Heart disease can affect anyone, and indicators for heart disease can be present before they develop into full-fledged conditions. We call this subclinical heart disease, and it’s one of the main reasons why it’s so important to pay special attention to your heart wellness. That means learning about your risk factors, managing them and living well to help prevent all kinds of heart disease.

What causes heart disease? Can heart disease be reversed?

Because heart disease involves so many different conditions, there can be many possible causes, like plaque buildup in your arteries, inherited vulnerability, infections and more.

Thanks to exciting medical advances, my colleagues and I are able to help improve a wide range of heart disease issues, which means significantly improved quality of life and better outcomes for patients. But the easiest way to treat heart disease is to prevent it, and that means lowering your risk by making smart lifestyle choices in areas known to contribute to heart disease.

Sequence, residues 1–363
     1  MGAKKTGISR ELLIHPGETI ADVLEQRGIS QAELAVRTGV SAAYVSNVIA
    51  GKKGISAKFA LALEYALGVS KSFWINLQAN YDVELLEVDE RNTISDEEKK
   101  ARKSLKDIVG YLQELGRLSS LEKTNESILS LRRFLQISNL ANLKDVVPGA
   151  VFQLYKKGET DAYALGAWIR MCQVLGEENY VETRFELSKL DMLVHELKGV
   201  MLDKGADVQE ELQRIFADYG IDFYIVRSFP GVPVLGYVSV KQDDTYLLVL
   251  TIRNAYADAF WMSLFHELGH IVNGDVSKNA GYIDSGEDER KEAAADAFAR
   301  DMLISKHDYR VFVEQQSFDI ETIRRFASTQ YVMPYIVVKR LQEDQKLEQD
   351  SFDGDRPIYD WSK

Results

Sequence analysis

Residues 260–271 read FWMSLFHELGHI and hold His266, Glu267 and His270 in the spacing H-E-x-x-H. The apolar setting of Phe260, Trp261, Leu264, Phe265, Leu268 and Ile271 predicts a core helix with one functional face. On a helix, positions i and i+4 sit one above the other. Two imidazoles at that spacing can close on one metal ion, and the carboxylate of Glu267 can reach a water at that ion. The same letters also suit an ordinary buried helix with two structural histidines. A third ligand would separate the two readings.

What are the risk factors for heart disease?

Heart disease risk factors include smoking and vaping, high cholesterol levels, diabetes, high blood pressure (hypertension), too much stress, not enough exercise and a poor diet. These factors have been linked to heart attacks, heart failure and several other forms of heart disease.

A family history of heart problems can also make you more likely to develop heart disease because some conditions – like arrhythmia and cardiomyopathy – can be inherited. If you know that a relative was diagnosed with heart disease, I definitely recommend you check in regularly with your doctor to be proactive about spotting potential issues early.